Daenerys’s sworn sword, Jorah Mormont, has his own view of the modern Ghiscari: “Astapor’s brave defenders are so much chaff, it’s true. Old names and fat purses who dress up as Ghiscari scourges to pretend they still rule a vast empire” (Swords, 329).
Noble vs. Common Features
The characters of A Song of Ice and Fire never fail to take note of their differences with members of other races. The same can be said of how they view differences between the nobility and the “smallfolk.” In numerous occasions throughout the series, characters make comments that suggest a general knowledge among the people of Westeros that the rulers are almost a race apart from the ruled. Gregory Hood touched upon this theme in an article he wrote about the Game of Thrones television series a few years ago: “There is the usual (and historically accurate, in the Indo-European context) connection between Aryan appearance and the ‘right’ of lordship” (Hood, “Game of Thrones, Season One”).
Whilst sailing across the Narrow Sea the former son of a noble house, Samwell Tarly, captures this idea while studying a fellow man of the Night’s Watch (black brother): “Fair-haired and hazel-eyed, the handsome young singer out of Eastwatch looked more like some dark prince than a black brother” (Crows, 307). The Night’s Watch is notoriously staffed with criminals from among the common folk.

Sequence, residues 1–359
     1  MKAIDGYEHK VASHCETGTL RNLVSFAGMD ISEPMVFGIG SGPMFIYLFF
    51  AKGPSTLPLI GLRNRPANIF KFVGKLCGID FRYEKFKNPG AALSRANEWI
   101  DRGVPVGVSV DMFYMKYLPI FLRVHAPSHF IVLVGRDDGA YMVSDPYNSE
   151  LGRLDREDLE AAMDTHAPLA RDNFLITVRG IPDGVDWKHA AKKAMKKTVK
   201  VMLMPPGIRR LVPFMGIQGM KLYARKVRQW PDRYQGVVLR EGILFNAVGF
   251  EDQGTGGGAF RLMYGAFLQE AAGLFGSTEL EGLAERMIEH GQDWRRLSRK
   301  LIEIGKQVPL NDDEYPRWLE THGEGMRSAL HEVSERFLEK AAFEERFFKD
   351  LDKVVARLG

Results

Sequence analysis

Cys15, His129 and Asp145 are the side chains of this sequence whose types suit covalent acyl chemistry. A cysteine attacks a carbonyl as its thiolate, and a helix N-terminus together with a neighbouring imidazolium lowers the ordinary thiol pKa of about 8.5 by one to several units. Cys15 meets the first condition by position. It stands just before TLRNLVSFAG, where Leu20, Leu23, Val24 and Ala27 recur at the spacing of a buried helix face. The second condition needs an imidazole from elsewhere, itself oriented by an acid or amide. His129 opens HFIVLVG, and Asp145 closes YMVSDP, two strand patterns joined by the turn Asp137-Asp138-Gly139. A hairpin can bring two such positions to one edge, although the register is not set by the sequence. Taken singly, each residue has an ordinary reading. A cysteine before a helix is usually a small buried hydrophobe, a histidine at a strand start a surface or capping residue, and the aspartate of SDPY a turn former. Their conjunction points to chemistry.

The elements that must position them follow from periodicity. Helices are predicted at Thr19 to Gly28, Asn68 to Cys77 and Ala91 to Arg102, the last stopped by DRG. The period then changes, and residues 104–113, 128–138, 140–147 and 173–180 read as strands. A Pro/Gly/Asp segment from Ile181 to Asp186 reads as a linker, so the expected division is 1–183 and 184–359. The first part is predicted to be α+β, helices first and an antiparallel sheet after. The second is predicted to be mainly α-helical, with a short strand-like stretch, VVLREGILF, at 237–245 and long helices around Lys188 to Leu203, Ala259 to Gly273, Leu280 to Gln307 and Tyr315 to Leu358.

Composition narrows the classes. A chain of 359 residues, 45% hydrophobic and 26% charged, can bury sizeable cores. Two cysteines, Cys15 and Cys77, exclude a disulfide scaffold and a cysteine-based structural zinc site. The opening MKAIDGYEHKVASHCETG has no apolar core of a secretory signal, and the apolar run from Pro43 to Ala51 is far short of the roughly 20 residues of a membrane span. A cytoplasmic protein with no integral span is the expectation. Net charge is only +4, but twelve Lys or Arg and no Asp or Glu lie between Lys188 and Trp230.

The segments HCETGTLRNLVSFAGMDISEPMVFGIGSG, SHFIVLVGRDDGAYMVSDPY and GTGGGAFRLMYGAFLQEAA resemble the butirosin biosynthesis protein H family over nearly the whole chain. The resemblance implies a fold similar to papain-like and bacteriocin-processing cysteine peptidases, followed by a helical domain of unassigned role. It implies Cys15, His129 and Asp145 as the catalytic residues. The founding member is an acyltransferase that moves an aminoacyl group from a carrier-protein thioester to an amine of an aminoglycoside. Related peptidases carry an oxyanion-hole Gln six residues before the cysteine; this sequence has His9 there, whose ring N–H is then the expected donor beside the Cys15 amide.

Standing in contrast to “princely” Nordish attributes are brown hair, brown eyes, and middling to short stature. While watching her daughter-in-law, the golden-haired and green-eyed Cersei Lannister thinks that “She is pretty enough . . . (but) even peasant girls are pretty at a certain age, when they are still fresh and unspoiled, and most of them have the same brown hair and brown eyes as she does” (Crows, 254). The smuggler-turned-nobleman, Davos Seaworth, remarks on his own commonness in A Dance with Dragons: “. . . few men looked as common as Davos. He was of middling height, his shrewd peasant’s face weathered by wind and sun, his grizzled beard and brown hair well salted with grey. . . . Davos hardly looked a lord, much less a King’s Hand” (195). After being informed by Lord Wyman Manderly that his men executed a man in Davos’s place to appease those who wanted Davos’s head, Davos asks who the man was. “Does it matter?” Manderly replies. “You have a common face, Lord Davos.” (p. 388).
Even among the Children of the Forest the idea prevails that certain physical traits mark one off as a leader. According to the Last Greenseer, Children born with red or moss colored eyes have the “gift” that enables them to become greenseers. (Dragons, 452). This statement also reveals that some intermixing between First Men and Children may have occurred in ancient times, as the Northern boy Jojen Reed has moss colored eyes and certain “greensight” abilities. The unique breed of Northmen that he belongs to, known as the crannogmen, is also known for its short stature and living much closer to nature than other Northmen.